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On average in New Mexico what is the cost per square foot to build a completely green home with the best insulation?

On average in New Mexico what is the cost per square foot to build a completely green home with the best insulation? It should be a passive solar home.

I need this information for insurance purposes in case I am in need of total reconstruction due to complete loss of our current home.

Asked by Leah Popp
Posted May 22, 2013 2:07 PM ET
Edited May 22, 2013 2:20 PM ET


7 Answers

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There is no way to answer your question, but I'll take a stab at it anyway. The answer is $70 to $300 per square foot.

By the way, there is no generally accepted definition for "a completely green home."

For that matter, there is no generally accepted definition of "the best insulation."

Answered by Martin Holladay, GBA Advisor
Posted May 22, 2013 2:12 PM ET
Edited May 22, 2013 2:22 PM ET.


Or, for that matter, what counts as square footage. And I'd narrow it down to $75 - $290, but I'm a pretty daring guy.

Ah, the internets.

Answered by Dan Kolbert
Posted May 22, 2013 3:05 PM ET


Cost range can also be contingent upon where in NM this is- remote locations can be dramatically more expensive to build than near major towns due to the transportation issues (both materials & labor). And getting the energy use numbers under control in a high-altitude cold local climate home is far more expensive than lower altitude moderate climate locations. The climate zones in NM are quite diverse, varying from very temperate US climate zone 3 weather in the southeast to US climate zone 7 type conditions above 10,000' in the Sangre de Cristo.

Where is your current (apparently wrecked) home located?

How big was it, and about what was it's assessed value? Costs go will go way up on a per-foot basis for small-footprint jewel-box of a house compared to a no-frills large tract-home barn, but building very large homes with very low energy requirements can be quite expensive too.

Answered by Dana Dorsett
Posted May 22, 2013 3:06 PM ET


Your insight is appreciated. Because you are a builder who is active in the field, you were able to narrow the range to $75 to $290. Thanks for sharpening your pencil and helping out.

Answered by Martin Holladay, GBA Advisor
Posted May 22, 2013 3:18 PM ET


there are 2 passivhaus projects recently built in santa fe. one is large (with home office, no garage) @ around $135/sf, one is small (w/ 2 car garage) @ around $155/sf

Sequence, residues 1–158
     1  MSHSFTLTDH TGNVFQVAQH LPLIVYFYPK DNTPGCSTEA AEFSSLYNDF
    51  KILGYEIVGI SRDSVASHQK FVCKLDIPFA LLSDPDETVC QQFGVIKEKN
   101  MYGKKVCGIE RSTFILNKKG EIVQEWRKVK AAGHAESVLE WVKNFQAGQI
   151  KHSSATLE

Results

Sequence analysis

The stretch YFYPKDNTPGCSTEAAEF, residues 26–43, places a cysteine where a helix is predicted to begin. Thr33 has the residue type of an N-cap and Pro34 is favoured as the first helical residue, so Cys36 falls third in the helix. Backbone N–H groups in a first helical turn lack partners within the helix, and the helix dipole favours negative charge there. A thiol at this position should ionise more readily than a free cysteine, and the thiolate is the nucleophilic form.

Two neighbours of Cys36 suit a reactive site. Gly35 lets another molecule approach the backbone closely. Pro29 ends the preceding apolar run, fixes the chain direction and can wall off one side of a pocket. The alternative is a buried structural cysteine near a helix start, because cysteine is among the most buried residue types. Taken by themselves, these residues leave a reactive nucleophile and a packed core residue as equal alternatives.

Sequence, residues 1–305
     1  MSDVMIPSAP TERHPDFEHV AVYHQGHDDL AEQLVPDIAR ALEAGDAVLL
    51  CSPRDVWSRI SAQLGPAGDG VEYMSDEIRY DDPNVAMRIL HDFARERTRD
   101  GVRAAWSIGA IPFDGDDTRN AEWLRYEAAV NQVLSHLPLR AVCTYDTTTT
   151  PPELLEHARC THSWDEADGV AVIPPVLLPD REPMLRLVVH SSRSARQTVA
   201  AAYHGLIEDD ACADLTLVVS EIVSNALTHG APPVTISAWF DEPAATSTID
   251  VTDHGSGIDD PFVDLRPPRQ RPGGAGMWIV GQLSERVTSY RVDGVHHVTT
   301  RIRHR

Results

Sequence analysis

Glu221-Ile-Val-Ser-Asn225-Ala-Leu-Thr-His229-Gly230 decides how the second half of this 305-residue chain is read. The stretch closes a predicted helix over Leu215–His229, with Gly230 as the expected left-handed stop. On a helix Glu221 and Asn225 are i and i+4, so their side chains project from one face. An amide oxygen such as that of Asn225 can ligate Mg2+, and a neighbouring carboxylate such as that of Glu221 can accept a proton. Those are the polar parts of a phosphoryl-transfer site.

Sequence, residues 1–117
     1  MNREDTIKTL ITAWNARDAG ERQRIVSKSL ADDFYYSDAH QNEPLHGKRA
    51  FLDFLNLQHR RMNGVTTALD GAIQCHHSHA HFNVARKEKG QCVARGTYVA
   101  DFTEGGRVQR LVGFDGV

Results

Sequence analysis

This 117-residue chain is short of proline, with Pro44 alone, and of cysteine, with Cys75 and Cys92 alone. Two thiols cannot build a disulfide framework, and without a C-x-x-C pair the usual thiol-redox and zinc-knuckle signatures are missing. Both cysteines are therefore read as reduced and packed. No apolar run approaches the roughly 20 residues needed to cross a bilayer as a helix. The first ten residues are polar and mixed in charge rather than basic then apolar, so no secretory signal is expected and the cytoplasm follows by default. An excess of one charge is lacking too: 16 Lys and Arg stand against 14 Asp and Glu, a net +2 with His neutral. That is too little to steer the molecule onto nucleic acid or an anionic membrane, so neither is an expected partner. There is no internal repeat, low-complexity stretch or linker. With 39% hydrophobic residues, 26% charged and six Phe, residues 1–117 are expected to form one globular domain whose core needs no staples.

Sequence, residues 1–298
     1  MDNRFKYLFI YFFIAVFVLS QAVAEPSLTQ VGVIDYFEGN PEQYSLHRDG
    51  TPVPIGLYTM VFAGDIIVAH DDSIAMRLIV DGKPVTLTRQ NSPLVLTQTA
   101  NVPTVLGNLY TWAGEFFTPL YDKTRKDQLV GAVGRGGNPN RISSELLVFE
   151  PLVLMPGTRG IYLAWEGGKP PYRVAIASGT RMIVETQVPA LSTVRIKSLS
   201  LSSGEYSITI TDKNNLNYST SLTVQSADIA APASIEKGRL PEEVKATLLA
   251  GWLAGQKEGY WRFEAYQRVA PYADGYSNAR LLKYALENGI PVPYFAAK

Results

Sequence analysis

Answered by mike eliason
Posted May 22, 2013 4:15 PM ET


Leah, there is some ambiguity in your last sentence, Dana read it as meaning your home has already been destroyed, I interpreted it to mean what value should you write into your insurance policy as a rebuild cost in case of possible future catastrophe. If the latter you should get an estimate of current as-is rebuild cost from a suitably qualified and experienced local contractor, perhaps the one who built it in the first place. And you should update that number regularly to account for inflation.

Answered by James Morgan
Posted May 22, 2013 11:27 PM ET


The house is located in Tesuque, just north of Santa Fe. James, you are right; I am talking about value for homeowner's insurance purposes. The original builder is no longer in the area. The house is passive solar with a propane stove back-up plus a heat/air unit for an addition added on in 2003. The house is 2000 sq. ft. It is has concrete floors except in the addition which has 420 sq. ft. of Rappgo Larch w/ pearlflex mat. Most of the walls are concrete block filled with concrete, one interior wall is adobe and the side walls on the main portion of the house are 2 x 6 construction. The house has two portals (covered) and one of them (20' x 12') is screened in. Walls are plastered. I am highly chemically sensitive thus the need for "clean" materials, and naturally we want the house to be energy efficient. There is an entry/sunroom floored in brick that runs across the front of the house (southside) that is 33' x 8'7". So, as you can see, it is a custom house not a typical tract house. it should also have an air purification system built into the air/heat unit. Hope that is more helpful and clarifying. Any help is greatly appreciated.

Answered by Leah Popp
Posted May 23, 2013 1:19 PM ET

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